Rival Shiite leaders bury the hatchet in peace deal
BAGHDAD, Iraq (CNN) — Two rival Shiite leaders signed an agreement Saturday to end months of rancor and fighting between the two powerful movements they command, a representative of one of the men said.
Muqtada al-Sadr, the populist Shiite cleric, and Abdul Aziz al-Hakim, the head of the Supreme Islamic Council of Iraq, forged the agreement in the spirit of the current Muslim holy month of Ramadan, said SICI spokesman Haytham al-Husseini. Gestures of forgiveness and mercy are often made during Ramadan.
The deal has three main points: stopping the fighting between Iraqis, urging print and electronic media to engender a spirit of friendship and forgiveness, and establishing commissions in each of Iraq’s 18 provinces to oversee the peace initiative.
Al-Husseini said al-Sadr, who recently returned to Iraq from Iran, signed the agreement in Najaf, the Shiite holy city in the south, and al-Hakim signed it in Iran.
The men head movements that are in the middle of a power struggle in Shiite regions across Iraq, particularly in the south.
Al-Sadr’s Mehdi Army and SICI‘s Badr Organization militia have squared off in recent months, with Mehdi gunmen many times fighting police who are aligned with the Badr group.
Clashes between those groups during a recent pilgrimage in the Shiite holy city of Karbala sparked all-out fighting in that city, Baghdad and Babil province.
That fighting, in August, left dozens dead and caused al-Sadr to suspend his militia for six months for restructuring.
Meanwhile on Saturday, the U.S. military countered media reports that civilians were among 25 people killed during fighting near Baquba early Friday.
The military, underscoring its earlier account of the incident, said it was targeting a Shiite militant believed to be associated with members of Iran’s Islamic Revolutionary Guard Corps – Quds Force, the entity accused by the United States of providing arms and training to insurgents in Iraq.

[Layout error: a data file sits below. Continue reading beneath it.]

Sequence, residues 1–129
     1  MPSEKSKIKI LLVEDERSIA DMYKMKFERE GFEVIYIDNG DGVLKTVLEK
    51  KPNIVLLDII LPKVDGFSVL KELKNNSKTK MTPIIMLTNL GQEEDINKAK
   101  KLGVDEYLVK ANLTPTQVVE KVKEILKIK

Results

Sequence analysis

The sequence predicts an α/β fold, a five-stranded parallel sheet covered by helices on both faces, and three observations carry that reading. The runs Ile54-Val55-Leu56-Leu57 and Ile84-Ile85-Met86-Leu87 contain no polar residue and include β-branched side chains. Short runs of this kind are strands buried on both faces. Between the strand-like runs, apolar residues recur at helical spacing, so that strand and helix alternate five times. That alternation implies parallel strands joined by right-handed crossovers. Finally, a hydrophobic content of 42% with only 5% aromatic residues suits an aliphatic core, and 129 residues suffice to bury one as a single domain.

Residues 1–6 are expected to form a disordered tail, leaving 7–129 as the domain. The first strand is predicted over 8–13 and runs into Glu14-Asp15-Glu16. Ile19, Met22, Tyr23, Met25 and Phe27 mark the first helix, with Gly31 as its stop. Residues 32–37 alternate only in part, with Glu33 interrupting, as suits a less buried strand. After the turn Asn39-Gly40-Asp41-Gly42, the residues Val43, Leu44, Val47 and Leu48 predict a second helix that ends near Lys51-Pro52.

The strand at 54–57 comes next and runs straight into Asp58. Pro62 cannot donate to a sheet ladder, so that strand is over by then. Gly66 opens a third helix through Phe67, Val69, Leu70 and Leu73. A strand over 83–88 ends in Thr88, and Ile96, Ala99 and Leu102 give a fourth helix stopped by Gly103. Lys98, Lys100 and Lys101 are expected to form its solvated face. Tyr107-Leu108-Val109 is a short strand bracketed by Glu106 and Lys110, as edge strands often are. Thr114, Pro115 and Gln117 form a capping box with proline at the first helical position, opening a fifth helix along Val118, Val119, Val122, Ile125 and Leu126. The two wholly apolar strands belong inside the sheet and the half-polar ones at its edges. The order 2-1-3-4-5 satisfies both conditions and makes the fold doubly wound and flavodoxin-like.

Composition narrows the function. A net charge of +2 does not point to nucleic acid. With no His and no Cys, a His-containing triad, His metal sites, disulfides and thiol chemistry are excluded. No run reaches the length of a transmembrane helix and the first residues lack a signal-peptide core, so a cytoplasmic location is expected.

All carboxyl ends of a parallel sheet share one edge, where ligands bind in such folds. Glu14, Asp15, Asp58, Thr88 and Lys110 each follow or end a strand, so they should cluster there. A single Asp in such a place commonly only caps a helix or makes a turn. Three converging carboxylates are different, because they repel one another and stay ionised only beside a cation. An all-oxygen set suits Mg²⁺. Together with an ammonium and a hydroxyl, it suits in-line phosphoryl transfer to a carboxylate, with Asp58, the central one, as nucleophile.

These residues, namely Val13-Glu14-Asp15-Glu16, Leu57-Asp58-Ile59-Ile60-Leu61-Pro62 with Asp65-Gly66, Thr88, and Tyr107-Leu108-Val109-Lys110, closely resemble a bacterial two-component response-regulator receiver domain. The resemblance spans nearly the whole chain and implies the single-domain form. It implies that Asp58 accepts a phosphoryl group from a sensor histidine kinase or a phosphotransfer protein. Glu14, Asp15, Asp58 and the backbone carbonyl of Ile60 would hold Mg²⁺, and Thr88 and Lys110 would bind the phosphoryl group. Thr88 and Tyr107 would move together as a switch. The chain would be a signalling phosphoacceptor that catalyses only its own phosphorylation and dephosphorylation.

Troops came under heavy fire in a village in Diyala province, which extends north and east of Baghdad and borders Iran, and a battle ensued, the military said.
The military said air power was called in to support ground troops and the strike killed 25 people. But, the military says, they weren’t civilians.
"In this instance, we have confirmed that the 25 criminals who were killed were responsible for the attack on our forces and in fact were members of an extremist group operating in the Baquba region," the military said.
Iraqi authorities told CNN on Friday that the airstrike in the village, a Shiite community, killed and wounded civilians, including women and children.
In raids on Saturday, coalition forces killed six insurgents and detained 18, the U.S. military said.
The raids, targeting the Sunni-dominated al Qaeda in Iraq, were conducted in the Baghdad area, in Kirkuk, and near Samarra.
"We’re on the offensive against al Qaeda in Iraq and the foreign terrorists who help them," said Maj. Winfield Danielson, Multi-National Forces-Iraq spokesman.
A roadside bomb in southern Baghdad on Saturday killed a U.S. soldier and wounded three others, the U.S. military said.
This brings the number of U.S. military deaths to seven in October and 3,808 since the beginning of the Iraq war. Seven civilian contractors for the Defense Department also have been killed.